Lalvani, who is an architecture professor at Pratt Institute, masterfully fuses science and artistic design into his 3-D steel sculptures.
Curated by Helen Varola, the exhibition includes 21 of Lalvani's works, including designs from his "Morphing Platters" and "HyperSurface" series. Beyond elegant aesthetics, Lalvani's work present solutions for mass customization and metal-production methods that can be applied to architecture and engineering.
"The “Morphing Platters” series includes 16 digitally derived pieces made of laser-cut painted steel. The “HyperSurface” series comprises five egg-shaped structural forms of stainless steel that highlight Lalvani’s mastery of multi-dimensional studies. Both series embody cutting-edge thinking about how form is shaped by mathematics.
For more than 35 years, Lalvani has researched mathematical codes akin to our own genetic makeup of DNA. Many of Lalvani’s sculptures are created from a code based on a sequence of numbers that can be digitally-manipulated to achieve an infinite number of forms that are similar yet never once the same, much like a snowflake.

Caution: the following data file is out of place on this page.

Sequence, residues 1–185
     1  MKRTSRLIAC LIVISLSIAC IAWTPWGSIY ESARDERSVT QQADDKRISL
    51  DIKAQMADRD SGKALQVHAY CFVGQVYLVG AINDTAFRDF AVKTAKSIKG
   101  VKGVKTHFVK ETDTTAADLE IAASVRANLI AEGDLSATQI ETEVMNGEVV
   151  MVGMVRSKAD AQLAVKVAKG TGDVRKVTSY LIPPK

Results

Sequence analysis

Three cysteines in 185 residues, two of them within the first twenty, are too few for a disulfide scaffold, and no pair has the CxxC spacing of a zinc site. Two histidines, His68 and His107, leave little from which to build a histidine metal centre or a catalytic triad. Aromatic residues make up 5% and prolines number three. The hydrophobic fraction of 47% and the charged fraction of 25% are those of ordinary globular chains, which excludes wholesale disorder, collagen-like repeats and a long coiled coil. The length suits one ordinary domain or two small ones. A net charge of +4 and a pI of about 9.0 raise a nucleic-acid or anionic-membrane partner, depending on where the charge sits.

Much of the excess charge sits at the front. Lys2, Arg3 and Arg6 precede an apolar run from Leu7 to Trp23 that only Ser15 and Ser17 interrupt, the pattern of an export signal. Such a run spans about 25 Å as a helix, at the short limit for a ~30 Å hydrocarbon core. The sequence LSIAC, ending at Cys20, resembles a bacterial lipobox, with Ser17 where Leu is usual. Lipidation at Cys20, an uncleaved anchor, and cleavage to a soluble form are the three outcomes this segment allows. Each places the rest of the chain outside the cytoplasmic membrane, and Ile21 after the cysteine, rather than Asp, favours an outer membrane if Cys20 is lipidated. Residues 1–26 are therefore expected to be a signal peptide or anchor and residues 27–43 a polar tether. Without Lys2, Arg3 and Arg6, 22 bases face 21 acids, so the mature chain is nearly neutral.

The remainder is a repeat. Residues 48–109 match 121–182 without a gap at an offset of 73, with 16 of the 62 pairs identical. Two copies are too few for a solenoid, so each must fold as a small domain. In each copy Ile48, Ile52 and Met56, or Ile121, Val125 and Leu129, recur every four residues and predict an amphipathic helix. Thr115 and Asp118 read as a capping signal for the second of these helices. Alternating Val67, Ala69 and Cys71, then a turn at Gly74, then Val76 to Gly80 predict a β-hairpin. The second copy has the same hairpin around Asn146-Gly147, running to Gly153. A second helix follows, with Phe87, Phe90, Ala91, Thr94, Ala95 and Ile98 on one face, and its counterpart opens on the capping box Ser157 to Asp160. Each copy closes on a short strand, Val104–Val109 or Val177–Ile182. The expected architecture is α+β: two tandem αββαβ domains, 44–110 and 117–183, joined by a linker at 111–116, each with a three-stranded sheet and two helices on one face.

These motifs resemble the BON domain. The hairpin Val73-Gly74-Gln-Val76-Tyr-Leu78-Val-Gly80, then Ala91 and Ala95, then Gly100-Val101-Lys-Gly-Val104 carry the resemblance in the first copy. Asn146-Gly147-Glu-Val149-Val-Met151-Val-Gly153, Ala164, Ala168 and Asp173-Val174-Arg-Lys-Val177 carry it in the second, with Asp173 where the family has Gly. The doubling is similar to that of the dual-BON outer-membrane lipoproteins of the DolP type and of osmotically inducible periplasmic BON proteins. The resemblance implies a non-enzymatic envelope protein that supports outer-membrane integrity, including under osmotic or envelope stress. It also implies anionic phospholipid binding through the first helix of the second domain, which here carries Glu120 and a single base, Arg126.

Lalvani, who graduated from Pratt Institute’s School of Architecture with a M.S. degree in 1972 and University of Pennsylvania with a Ph.D. degree in architecture in 1981, is regarded as a visionary in multiple fields. His research has birthed new methods of metal fabrication in an unprecedented collaboration with renowned art-metal fabricator Milgo Bufkin over the last 15 years."
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